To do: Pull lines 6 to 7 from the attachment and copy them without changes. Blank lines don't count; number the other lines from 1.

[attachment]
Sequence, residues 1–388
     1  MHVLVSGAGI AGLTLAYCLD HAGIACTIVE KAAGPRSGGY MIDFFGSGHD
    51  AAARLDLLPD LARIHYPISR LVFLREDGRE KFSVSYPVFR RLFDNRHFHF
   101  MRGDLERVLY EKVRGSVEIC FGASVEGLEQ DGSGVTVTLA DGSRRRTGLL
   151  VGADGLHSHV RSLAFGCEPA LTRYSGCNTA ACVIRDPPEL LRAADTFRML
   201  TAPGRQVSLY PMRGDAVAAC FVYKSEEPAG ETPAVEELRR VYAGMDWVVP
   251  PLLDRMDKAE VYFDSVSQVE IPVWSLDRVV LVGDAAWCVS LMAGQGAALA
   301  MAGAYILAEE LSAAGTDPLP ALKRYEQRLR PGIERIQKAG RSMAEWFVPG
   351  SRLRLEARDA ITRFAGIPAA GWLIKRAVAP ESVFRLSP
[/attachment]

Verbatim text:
   201  TAPGRQVSLY PMRGDAVAAC FVYKSEEPAG ETPAVEELRR VYAGMDWVVP
   251  PLLDRMDKAE VYFDSVSQVE IPVWSLDRVV LVGDAAWCVS LMAGQGAALA